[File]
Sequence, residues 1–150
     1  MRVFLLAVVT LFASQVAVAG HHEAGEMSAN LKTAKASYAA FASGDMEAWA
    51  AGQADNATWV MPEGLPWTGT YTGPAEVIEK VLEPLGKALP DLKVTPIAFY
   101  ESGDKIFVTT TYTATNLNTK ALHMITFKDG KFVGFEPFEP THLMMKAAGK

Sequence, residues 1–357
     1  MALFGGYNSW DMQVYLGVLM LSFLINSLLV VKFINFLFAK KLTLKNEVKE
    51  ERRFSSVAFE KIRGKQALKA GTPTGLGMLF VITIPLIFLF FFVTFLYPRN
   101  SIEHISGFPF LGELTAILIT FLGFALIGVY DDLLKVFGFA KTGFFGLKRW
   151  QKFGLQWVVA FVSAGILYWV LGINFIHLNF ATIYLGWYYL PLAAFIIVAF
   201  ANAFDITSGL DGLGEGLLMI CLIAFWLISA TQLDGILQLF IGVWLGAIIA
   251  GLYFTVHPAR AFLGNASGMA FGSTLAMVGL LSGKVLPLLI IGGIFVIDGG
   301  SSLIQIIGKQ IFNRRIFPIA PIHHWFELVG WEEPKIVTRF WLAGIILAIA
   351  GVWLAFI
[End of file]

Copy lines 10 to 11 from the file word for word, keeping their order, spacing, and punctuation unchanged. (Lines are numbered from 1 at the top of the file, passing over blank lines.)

   201  ANAFDITSGL DGLGEGLLMI CLIAFWLISA TQLDGILQLF IGVWLGAIIA
   251  GLYFTVHPAR AFLGNASGMA FGSTLAMVGL LSGKVLPLLI IGGIFVIDGG